There are six main stages to this game, each ending with a boss.

The graphics were decent, but in my opinion not quite the best the NES had to offer. The action was smooth for the most part, but sometimes there was some flicker during heavy combat scenes. One highpoint of the TMNT game was the sound, which was full of great music.

This game proved popular enough that in 1990 it was ported to numerous computer systems at the time. Also, Nintendo Power magazine named TMNT the 1989 Game of the Year. Today, this game is still around, available on the Virtual Console for the Wii.

Monday, September 19, 2011

Game of the week: Turtles for Odyssey 2

As soon as the Namco and Midway companies released Pac-Man to the arcades in 1980, maze games suddenly became a huge craze. To cash in on that craze, other companies began to put out their own maze games.

One such game was Turtles, by Konami and Stern and Sega. Turtles was never a very popular arcade game. In fact, I only ever remember seeing one of them, and that was at a bowling alley in the mid-1980s.

However, Turtles was one of the few arcade games to be ported to the Odyssey 2 home gaming console made my Magnavox.

Turtles had simple graphics and simple rules. The player moves a mother turtle around a screen while trying to collect baby turtles and then take the babies to a house that appears randomly on the screen. The main problem with this is there are beetles trying to kill the mother turtle. In self defense, the mother turtle can drop bombs which will temporarily stun the beetles.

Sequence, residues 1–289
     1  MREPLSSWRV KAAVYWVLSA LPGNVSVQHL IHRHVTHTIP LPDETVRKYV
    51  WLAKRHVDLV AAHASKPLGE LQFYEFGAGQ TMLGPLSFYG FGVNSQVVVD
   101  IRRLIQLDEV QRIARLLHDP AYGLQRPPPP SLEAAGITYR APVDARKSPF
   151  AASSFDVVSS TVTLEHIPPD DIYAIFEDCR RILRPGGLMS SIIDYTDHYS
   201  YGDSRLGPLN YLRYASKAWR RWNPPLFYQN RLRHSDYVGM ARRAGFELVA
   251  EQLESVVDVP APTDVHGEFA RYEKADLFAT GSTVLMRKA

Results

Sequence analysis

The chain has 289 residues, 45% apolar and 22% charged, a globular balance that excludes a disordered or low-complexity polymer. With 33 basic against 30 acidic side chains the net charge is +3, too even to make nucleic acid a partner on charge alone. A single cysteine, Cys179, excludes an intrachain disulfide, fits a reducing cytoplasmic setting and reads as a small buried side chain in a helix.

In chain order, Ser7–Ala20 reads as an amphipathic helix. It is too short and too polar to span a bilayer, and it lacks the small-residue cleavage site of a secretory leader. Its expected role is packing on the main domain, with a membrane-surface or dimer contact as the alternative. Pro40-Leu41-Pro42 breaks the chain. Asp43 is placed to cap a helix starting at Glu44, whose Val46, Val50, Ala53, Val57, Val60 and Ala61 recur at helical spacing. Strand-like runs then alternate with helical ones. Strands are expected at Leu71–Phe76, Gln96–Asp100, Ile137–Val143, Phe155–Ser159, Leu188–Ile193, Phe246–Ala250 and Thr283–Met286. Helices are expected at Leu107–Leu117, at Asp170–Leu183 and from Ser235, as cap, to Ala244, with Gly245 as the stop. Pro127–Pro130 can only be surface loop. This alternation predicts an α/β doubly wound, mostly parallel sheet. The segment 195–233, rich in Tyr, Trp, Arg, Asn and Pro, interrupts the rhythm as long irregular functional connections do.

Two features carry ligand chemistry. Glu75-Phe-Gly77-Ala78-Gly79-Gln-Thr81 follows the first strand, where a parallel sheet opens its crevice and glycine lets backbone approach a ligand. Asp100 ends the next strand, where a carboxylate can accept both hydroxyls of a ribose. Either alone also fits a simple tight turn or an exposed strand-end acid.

Sounds simple, and it was. But it was still a decent game. My biggest complaint was that the maze was too simple. Even the maze in the original Pac-Man was much more complex.

The Odyssey 2 version of Turtles, however, really stretched the capabilities of this home gaming system, so much so that it was almost like playing Turtles in the arcade. Graphics were never a strength of the Odyssey 2, though the colors were always bright, but for Turtles they really stood out, looking a fair amount like the arcade version's graphics.

The Odyssey 2 also had available an expansion module called The Voice, which allowed for some speech and extra special effects sounds. The Voice added quite a bit to the Turtles game, mainly through music that sounded quite like the arcade music for Turtles.

Now, all that being said, keep in mind I'm talking about very early 1980s home video game technology. To be perfectly honest, by today's standards all of this was garbage. But for the early 1980s, the graphics and sounds and gameplay for the Odyssey 2 version of Turtles was pretty good. Not great, put pretty good. There were worse games, but there were also better. Still, Turtles on the Odyssey 2 always held a special place for me because the arcade game is so rare (at least in the U.S.) and because the Odyssey 2 had so few arcade games ported to it.

Monday, September 12, 2011

Game of the week: Super Mario World for SNES

If you ever owned a Super Nintendo Entertainment System (SNES), there's a pretty good chance you've played the game Super Mario World.

How so?

Super Mario World was the game that originally came packed with the SNES when you bought the console.

And what a game it was!